- Chloroquine (Aralen) vs. hydroxychloroquine (Plaquenil): What's the difference?
- What is Chloroquine? What is Hydroxychloroquine?
- What are the side effects of chloroquine and hydroxychloroquine?
- What is the dosage for chloroquine vs. hydroxychloroquine?
- What drugs interact with chloroquine and hydroxychloroquine?
- Are chloroquine and hydroxychloroquine safe to use while pregnant or breastfeeding?
Chloroquine (Aralen) vs. hydroxychloroquine (Plaquenil): What's the difference?
- Chloroquine (Aralen) and hydroxychloroquine (Plaquenil) are anti-malarial drugs used to treat several forms of malaria. Chloroquine and hydroxychloroquine are under investigation for treatment of the COVID-19 coronavirus disease. Study results on their effectiveness have been mixed.
- Chloroquine is also used to treat amebiasis that has spread outside of the intestines.
- Hydroxychloroquine is also used to treat lupus erythematosus and rheumatoid arthritis.
- Side effects of chloroquine and hydroxychloroquine that are similar include nausea.
- Side effects of chloroquine that are different from hydroxychloroquine include irreversible damage to the retina, deafness, tinnitus (ringing in the ears), reduced hearing, increased liver enzymes, loss of appetite, vomiting, and diarrhea.
- Side effects of hydroxychloroquine that are different from chloroquine include irritability, headache, weakness, hair lightening or hair loss, stomach upset, dizziness, muscle pain, and itching.
What is Chloroquine? What is Hydroxychloroquine?
Chloroquine (Aralen) is an anti-malarial drug useful in treating several forms of malaria as well as amebiasis that has spread outside of the intestines. It suppresses malaria infection, stops acute attacks, and lengthens the time between treatment and relapse.
It is similar to hydroxychloroquine (Plaquenil), and both drugs are under investigation for treatment of the COVID-19 coronavirus disease.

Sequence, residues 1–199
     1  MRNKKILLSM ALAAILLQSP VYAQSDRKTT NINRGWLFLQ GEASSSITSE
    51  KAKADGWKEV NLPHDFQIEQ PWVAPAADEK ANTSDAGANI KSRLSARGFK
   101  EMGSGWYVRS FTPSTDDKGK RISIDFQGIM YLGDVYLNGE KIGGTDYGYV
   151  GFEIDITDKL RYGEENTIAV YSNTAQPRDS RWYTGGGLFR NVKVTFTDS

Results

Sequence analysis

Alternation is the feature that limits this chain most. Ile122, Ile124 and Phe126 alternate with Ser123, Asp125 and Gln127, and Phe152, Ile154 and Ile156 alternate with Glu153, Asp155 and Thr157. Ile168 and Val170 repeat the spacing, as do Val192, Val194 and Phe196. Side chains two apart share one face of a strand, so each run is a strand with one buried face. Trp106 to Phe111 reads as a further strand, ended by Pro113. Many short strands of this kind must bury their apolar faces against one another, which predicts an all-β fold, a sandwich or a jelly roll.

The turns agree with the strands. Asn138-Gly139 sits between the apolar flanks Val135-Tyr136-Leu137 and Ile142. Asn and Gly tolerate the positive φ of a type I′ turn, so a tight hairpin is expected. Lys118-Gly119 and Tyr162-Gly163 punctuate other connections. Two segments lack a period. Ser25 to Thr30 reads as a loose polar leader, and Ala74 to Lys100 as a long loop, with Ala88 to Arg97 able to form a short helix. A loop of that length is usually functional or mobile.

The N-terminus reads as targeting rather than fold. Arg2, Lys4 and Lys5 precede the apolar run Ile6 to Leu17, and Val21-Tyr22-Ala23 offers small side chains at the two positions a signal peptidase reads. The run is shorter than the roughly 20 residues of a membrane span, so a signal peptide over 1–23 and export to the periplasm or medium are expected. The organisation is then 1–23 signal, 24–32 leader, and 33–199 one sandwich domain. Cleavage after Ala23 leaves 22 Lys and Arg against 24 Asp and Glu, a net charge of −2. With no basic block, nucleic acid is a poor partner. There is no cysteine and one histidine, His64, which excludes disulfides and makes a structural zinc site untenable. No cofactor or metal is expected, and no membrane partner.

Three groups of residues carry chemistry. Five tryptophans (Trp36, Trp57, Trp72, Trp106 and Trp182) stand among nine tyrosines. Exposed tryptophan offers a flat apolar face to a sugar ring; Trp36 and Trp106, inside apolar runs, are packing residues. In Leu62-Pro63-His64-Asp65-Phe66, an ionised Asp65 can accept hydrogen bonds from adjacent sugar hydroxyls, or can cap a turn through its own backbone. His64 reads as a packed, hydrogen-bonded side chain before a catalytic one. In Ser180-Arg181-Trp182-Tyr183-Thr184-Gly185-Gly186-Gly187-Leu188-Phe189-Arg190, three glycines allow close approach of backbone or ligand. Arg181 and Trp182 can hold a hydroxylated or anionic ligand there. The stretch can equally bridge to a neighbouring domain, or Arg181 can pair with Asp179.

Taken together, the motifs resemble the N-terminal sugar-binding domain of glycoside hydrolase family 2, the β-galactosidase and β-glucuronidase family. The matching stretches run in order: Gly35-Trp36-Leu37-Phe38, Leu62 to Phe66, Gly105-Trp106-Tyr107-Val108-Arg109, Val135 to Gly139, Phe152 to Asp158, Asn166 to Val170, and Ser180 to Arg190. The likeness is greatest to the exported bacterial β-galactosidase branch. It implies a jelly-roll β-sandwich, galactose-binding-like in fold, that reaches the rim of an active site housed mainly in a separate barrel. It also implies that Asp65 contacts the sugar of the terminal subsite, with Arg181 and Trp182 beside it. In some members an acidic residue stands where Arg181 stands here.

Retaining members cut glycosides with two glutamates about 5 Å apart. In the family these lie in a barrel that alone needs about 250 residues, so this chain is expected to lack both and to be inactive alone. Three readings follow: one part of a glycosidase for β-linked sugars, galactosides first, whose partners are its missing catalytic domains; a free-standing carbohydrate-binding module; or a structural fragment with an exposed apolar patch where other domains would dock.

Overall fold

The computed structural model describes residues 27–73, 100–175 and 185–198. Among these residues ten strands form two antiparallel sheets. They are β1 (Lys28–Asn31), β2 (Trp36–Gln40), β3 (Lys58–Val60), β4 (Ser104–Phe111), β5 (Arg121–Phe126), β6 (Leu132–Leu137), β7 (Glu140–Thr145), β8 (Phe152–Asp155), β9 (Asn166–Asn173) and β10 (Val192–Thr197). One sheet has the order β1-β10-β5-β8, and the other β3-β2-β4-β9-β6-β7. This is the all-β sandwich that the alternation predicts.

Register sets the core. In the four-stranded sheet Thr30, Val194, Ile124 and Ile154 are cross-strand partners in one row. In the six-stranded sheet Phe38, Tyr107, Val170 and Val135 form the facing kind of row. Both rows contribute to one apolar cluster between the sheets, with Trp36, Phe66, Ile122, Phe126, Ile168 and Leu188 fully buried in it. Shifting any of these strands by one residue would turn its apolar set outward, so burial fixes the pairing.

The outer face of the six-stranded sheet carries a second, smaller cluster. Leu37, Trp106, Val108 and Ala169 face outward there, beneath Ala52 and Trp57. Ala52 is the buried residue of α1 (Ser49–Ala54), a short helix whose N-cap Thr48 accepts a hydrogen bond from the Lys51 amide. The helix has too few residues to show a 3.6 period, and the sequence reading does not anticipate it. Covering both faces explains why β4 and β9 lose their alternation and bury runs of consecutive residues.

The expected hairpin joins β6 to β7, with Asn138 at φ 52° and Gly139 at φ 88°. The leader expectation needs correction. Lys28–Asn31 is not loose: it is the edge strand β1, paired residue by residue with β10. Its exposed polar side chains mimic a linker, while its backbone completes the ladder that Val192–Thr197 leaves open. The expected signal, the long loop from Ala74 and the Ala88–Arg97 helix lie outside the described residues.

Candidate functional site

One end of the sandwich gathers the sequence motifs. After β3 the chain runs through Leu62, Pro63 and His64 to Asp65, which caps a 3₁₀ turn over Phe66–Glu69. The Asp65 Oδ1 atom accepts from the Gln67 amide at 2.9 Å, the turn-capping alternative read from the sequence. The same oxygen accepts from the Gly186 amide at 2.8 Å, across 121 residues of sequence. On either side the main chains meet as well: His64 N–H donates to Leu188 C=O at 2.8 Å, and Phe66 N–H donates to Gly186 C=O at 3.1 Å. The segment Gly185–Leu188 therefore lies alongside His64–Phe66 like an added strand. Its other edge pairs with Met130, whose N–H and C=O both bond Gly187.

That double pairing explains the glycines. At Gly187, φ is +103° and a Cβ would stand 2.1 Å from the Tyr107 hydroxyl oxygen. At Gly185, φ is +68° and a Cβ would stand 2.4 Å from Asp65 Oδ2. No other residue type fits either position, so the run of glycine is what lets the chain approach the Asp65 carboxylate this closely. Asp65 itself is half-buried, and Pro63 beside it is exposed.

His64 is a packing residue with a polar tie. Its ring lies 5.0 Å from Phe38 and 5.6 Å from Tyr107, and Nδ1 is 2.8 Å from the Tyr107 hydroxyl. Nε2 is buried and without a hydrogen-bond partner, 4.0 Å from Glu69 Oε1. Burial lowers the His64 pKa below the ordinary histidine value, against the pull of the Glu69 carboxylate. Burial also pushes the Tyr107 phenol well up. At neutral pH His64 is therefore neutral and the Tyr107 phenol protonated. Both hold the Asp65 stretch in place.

Its mechanism of action is unknown; however, malarial parasites invade human red blood cells, and chloroquine may prevent malarial parasites from breaking down (metabolizing) hemoglobin in human red blood cells. Chloroquine is effective against the malarial parasites Plasmodium vivax, P. malariae, P. ovale, and susceptible strains of P. falciparum.
Hydroxychloroquine (Plaquenil) is an anti-malarial drug used to treat several forms of malaria as well as lupus erythematosus and rheumatoid arthritis. It is similar to chloroquine (Aralen). Its mechanism of action is unknown. Malarial parasites invade human red blood cells. Hydroxychloroquine may prevent malarial parasites from breaking down (metabolizing) hemoglobin in human red blood cells.
Hydroxychloroquine is effective against the malarial parasites Plasmodium vivax, P. malariae, P. ovale, and susceptible strains of P. falciparum.
What are the side effects of chloroquine and hydroxychloroquine?
Common side effects include
- Irreversible damage to the retina
- Tinnitus (ringing in the ears)
- Reduced hearing
- Increased liver enzymes
Other, rare side effects include:
- Hair loss and bleaching of hair
Possible serious effects:
- Personality changes
- Extrapyramidal disorders
- Aplastic anemia
- Serious allergic reactions
- Muscle damage (myopathy)
- Maculopathy and macular degeneration
Other adverse reactions and side effects of Aralen
- There have been rare reports of severe skin reactions such as erythema multiforme, Stevens-Johnson syndrome, toxic epidermal necrolysis, and exfoliative dermatitis.
- Chloroquine may precipitate a severe attack of psoriasis in patients with psoriasis and may worsen porphyria. Chloroquine should not be used in these conditions unless the benefit to the patient outweighs the potential risks.
- People with retinal or visual field changes should not use chloroquine unless it is absolutely necessary.
- Some strains of P. falciparum are resistant to chloroquine and hydroxychloroquine. Chloroquine resistance is widespread. Chloroquine should not be used for treatment of P. falciparum infections from areas of chloroquine resistance or malaria occurring in patients where chloroquine prophylaxis has failed. Patients infected with a resistant strains of plasmodia should be treated with another antimalarial drug.